When things go wrong, people have a tendency to want to blame someone, often as soon as possible. It makes us feel better to find the culprit or get the ‘bad apple’. We have the opposite tendency when it comes to ourselves. The cognitive dissonance of not meeting our self-image or expectations can be so powerful that we make up stories to cover our failures. And we actually believe them. This happens to judges, lawyers, doctors, nurses, and many other professionals. But it happens less frequently with pilots. Why? It’s all about the systems they work in.
Aviation is one of the few industries that:
- Encourages learning from mistakes on an industry-wide scale.
- Leaves blame for after any accident investigation (usually).
- Uses data and science to confirm or deny assumptions.
- Tests hypotheses through simulation before implementation new procedures.
- Disseminates new knowledge openly and widely.
Matthew Syed calls this Black Box Thinking in his book of the same name. Syed provides examples of how many of our work systems are broken, suffering from closed loop thinking by not allowing us to test assumptions and conventional wisdom. One excellent example is of 5 Israeli parole judges whose cases over a 10 month period revealed some shocking statistics. The chances of being paroled just after breakfast were 65%, while the chances of parole just before lunch fell to 0%. The judges did not make the same types of decisions when they were hungry. No one had ever looked at these human tendencies. While we may think that we are rational and professional, we are not. Data and science can help us build systems that are better, safer, and ensure equality.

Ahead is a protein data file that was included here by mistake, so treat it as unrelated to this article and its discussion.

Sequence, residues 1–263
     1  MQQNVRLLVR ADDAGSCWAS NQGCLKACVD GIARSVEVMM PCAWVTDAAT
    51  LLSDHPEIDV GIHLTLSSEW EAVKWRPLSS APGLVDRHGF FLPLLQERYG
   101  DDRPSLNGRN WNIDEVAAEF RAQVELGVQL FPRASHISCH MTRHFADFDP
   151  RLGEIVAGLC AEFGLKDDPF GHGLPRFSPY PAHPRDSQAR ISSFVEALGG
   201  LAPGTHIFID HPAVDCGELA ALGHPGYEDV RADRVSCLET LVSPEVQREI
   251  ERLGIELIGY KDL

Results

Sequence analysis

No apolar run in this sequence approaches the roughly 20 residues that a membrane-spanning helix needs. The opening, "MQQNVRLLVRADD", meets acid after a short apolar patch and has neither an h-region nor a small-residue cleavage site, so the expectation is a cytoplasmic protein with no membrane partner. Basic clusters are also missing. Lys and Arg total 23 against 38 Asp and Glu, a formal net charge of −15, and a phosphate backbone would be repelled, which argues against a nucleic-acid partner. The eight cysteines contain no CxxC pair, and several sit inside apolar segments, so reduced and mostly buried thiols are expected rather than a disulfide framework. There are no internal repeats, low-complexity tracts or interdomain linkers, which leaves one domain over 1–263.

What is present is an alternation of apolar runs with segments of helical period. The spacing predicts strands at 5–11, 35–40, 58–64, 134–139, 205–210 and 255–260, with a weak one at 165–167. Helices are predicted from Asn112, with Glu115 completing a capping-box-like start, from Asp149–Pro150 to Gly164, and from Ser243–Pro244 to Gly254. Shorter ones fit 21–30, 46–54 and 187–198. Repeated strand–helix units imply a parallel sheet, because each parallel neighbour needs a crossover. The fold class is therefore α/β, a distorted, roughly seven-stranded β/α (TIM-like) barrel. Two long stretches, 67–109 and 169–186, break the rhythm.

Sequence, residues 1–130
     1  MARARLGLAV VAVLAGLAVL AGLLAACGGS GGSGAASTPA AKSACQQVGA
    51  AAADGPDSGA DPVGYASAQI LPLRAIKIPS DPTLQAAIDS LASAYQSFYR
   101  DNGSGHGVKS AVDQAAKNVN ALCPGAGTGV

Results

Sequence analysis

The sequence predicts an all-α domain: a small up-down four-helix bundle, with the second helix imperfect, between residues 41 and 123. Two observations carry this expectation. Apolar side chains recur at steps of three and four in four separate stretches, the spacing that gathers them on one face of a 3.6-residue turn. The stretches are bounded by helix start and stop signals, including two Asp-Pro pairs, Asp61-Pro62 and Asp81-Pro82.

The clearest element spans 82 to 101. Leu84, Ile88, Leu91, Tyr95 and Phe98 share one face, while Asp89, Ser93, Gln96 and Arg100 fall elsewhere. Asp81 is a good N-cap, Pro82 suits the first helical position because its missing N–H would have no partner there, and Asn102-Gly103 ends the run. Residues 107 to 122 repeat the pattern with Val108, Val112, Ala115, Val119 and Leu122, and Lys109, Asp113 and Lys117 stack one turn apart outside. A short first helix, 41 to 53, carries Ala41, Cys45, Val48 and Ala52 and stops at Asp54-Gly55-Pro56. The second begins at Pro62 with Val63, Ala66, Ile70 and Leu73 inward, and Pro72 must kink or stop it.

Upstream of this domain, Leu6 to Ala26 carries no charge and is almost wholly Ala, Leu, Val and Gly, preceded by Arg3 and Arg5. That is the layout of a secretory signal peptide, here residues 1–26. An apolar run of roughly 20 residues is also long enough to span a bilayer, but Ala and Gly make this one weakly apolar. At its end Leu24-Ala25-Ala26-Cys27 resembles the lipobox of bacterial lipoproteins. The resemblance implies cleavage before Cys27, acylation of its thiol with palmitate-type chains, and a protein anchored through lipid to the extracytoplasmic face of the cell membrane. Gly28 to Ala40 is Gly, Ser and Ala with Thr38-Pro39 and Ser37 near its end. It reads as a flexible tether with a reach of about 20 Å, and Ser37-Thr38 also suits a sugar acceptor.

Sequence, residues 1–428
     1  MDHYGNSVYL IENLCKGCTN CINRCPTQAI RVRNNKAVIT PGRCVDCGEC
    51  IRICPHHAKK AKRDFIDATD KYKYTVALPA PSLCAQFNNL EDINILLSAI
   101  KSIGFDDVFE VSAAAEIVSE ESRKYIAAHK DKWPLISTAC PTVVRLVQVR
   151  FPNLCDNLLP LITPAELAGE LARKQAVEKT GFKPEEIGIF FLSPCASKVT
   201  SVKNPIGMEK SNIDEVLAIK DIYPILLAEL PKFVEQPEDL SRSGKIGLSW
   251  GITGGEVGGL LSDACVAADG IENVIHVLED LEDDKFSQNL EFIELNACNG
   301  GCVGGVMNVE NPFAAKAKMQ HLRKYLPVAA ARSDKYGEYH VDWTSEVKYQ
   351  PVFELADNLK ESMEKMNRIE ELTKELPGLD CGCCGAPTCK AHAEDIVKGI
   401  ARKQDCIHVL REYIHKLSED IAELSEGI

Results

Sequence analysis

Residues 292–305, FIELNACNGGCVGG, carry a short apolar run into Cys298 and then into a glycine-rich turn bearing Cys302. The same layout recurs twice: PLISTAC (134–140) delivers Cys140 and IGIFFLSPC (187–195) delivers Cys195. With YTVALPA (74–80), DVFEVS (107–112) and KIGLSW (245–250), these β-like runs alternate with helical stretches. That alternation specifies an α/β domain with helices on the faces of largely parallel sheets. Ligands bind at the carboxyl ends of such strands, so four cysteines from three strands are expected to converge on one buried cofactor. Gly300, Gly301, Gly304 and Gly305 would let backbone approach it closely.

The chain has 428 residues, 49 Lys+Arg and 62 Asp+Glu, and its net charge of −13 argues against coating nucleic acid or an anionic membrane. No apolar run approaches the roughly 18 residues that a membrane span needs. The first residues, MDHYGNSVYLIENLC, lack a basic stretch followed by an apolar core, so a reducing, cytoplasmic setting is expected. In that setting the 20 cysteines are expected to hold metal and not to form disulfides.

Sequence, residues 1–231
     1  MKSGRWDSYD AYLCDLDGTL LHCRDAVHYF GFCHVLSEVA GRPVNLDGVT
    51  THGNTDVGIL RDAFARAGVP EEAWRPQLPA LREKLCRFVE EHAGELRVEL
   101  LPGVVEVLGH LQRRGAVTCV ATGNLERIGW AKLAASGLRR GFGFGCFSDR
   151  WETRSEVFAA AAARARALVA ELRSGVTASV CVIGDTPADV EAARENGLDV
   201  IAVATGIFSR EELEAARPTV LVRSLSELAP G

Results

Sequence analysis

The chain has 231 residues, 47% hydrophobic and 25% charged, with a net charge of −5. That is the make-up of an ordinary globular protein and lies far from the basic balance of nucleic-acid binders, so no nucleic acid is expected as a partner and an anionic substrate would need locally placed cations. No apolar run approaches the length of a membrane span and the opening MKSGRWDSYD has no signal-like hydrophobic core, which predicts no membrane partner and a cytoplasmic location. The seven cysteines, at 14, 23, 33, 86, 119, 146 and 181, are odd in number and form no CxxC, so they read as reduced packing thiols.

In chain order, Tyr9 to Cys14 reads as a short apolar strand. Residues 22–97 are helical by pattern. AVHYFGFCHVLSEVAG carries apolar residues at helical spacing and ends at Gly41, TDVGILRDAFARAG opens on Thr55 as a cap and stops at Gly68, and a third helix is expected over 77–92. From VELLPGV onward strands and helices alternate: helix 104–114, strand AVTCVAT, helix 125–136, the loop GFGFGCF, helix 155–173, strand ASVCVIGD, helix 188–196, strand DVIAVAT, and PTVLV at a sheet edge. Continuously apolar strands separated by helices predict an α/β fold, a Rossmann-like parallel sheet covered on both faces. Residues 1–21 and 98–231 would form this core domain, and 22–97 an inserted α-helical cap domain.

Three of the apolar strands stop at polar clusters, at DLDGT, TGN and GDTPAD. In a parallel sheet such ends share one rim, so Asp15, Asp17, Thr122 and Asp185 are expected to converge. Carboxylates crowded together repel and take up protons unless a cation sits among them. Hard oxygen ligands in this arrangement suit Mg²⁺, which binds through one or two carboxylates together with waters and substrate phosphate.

“The evolutionary process cannot function without information about what is working , and what is not. The information can come from many sources, depending on the context (patients, consumers, experiments, whistleblowers, etc.). But professionals working on the ground have crucial data to share in almost any context. Health care, for example, cannot begin to reform procedures if doctors do not report their failures. And scientific theories cannot evolve if scientists cover up data that reveal the weaknesses in existing hypotheses.”
I would strongly recommend this book to anyone in management or interested in improving organizational performance. This is one of the best books I have read in the past few years, along with Gary Klein’s, Seeing What Others Don’t. Some of Klein’s recommendations align with the personal knowledge mastery framework, in that people need to seek out new connections in order to get new insights, as well as put forth ‘half-baked’ ideas in order to test them. Syed has similar recommendations.
“But consider the following questions. Do you fail in your judgments? Do you ever get access to the evidence that shows where you might be going wrong? Are your decisions ever challenged by objective data? If the answer to any of these questions is no, you almost certainly are not learning. This is not a question of motivation or intelligence, but of iron logic. You are like a golfer playing in the dark.”